Pianist and composer, born in 1960 in Jerusalem, lives and teaches in Freiburg, Germany. Mishory began to play piano when he was nine, but only at the age of twenty-one, after leaving the instrument for three years, he decided to dedicate himself exclusively to music. After graduating from the Rubin Academy in Jerusalem (with Michael Boguslavsky) he moved to Germany in 1984. In the same year he won the first prize with special distinction at the first Paul Ben-Haim Competition for performance of New Israeli Music. On the recommendation of Alfred Brendel he received scholarships from the Hanns-Seidel-Stiftung, the City of Munich and the Austrian government. These enabled him to complete his studies in Munich with Gerhard Oppitz and in Salzburg at the “Mozarteum” with Hans Leygraf. He also studied musicology at the Ludwig-Maximilians-University in Munich.
In 1998 he was appointed professor at the Hochschule für Musik in Dortmund. Since 2000 he serves as senior professor for piano at the renowned University of Music in Freiburg.
Gilead Mishory is the first pianist to have recorded the complete piano works and chamber music with piano by Leoš Janáček. The following CDs with works by Haydn, Brahms, Schubert, Bartók, his own compositions and numerous radio recordings have been enthusiastically reviewed in the press: The Frankfurter Allgemeine Zeitung called him a “magician of sound”; The Neue Zeitschrift für Musik spoke of a “technically perfect poet of the piano” ; the Neue Presse described him as a “pianist with a sense of sound, charm and esprit”; The Westdeutsche Zeitung found in his playing “magic we only know from the old masters”. The press reacted with the same enthusiasm also on Mishory’s recording of the complete “Préludes” by Debussy, published 2014. Klassikinfo Spoke of a “reference-recording”.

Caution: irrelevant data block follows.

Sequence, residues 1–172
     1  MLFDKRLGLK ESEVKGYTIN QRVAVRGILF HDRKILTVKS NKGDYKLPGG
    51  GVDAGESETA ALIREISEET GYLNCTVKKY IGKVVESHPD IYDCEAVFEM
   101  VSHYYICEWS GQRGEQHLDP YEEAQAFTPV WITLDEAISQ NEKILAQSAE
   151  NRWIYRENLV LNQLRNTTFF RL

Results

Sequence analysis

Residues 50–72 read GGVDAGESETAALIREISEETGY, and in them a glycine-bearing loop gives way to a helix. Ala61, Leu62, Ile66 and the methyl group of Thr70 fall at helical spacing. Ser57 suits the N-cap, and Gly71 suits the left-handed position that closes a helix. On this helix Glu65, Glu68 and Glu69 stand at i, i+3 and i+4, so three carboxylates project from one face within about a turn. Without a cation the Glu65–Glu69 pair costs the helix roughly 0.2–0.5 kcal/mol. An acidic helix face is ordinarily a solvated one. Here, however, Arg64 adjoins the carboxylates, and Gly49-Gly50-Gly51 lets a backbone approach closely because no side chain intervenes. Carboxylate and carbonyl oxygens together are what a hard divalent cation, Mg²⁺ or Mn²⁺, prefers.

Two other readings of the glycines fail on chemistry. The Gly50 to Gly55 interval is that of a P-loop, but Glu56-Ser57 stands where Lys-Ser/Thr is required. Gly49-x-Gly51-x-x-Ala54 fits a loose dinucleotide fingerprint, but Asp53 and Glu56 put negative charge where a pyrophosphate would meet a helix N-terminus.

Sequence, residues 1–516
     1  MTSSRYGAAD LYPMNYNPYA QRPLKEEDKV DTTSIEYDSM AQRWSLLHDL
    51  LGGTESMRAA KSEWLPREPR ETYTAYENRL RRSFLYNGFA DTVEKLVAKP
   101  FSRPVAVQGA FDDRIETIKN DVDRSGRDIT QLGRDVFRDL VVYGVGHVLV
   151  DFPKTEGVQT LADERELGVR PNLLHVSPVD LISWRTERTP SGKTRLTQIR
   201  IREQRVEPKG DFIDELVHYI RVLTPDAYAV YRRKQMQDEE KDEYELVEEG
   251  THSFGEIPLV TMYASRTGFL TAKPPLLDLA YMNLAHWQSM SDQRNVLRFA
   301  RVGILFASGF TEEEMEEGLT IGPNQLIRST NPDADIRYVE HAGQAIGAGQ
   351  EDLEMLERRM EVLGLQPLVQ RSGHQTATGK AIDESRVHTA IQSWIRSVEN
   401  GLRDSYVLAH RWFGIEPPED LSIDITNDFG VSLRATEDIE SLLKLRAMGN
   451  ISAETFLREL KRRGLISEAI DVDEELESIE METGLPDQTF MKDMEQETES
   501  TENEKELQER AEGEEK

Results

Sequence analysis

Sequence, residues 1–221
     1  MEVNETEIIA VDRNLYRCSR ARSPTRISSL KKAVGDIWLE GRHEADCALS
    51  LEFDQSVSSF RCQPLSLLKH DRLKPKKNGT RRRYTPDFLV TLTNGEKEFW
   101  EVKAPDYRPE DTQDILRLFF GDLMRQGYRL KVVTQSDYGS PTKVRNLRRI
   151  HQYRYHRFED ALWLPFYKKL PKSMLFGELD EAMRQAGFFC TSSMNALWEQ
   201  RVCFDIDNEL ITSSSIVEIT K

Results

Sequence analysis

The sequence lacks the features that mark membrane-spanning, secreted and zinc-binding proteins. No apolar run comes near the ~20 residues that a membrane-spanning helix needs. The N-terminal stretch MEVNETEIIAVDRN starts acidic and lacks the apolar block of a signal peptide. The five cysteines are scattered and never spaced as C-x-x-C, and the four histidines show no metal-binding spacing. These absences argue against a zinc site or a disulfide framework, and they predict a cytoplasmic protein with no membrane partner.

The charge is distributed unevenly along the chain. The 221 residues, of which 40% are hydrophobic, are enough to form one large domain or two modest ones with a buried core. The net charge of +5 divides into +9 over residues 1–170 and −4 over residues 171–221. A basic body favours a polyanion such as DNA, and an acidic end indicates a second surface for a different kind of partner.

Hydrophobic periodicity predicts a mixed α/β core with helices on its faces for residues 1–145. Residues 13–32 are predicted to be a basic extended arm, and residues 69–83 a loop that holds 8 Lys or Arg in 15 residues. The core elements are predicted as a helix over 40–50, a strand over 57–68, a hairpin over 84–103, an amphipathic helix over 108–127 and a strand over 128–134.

Mishory never studied composition as a major subject in any institution. His composition teachers were mainly Haydn, Bartók, Janácek, Wagner and Kopytman.
The cycle “Lider-Togbuch”, after Yiddish poems by Sutzkever, commissioned by the City of Munich, was Mishory's breakthrough as a composer in 1998. Many of his compositions have strong connection to literature and poetry, on the borderline between Jewish/Israeli and German/European cultures: “Hebräische Balladen”, a song-cycle after Else Lasker-Schüler, commissioned by the Culture-Foundation North-Rhine-Westfalia, was premiered in Wuppertal at the end of 2002, as well his “Debka Fallastin” in Paris. In 2005 his piano-cycle “Fugitive Pieces”, after the novel by Anne Michaels, was the center of a special concert of the Südwestrundfunk in Baden-Baden, commemorating the 60th anniversary of the end of World War II. In spring 2006 he completed his string quartet, “Psalm”, inspired by the poet Paul Celan. “Di vayte haymat mayne”, a song-cycle for tenor and orchestra, after poems by Marc Chagall, was premiered in Munich in July 2007. The “Süddeutsche Zeitung” spoke of “grandiose impression”. In 2010 he completed his first opera, “Isaac’s Youth”, connecting theological themes in the biblical story with the Israeli-Palestinian conflict. Many children all over the world play pieces from his Children’s books “My Grandpa and I” and “My Grandma and I”, in which he combines compositional wit and pianistic fun with pedagogical goals.
A first CD with Mishory’s works came out by “NEOS” in 2011 (“Psalm” for cello and piano, “Psalm” quartet after Celan and “Fugitive Pieces” for piano solo). His youngest CD, “To Aeneas”, with his own cycle for piano under the same title, as well as Sonatas by Clementi and Tartini, came out 2017 and has been rewarded with highest compliments of the critics. „To Aeneas” was published in 2018 by “Peer-Music-Classical” (New-York/Hamburg). His piano piece “To the Distant Sister” was printed and first performed within the Project “250 for Beethoven” by the Pianist Susanne Kessel. In 2019 his “Earthly Dances” for woodwind-quintet and percussion was first performed by Ensemble Aventure, which commissioned it.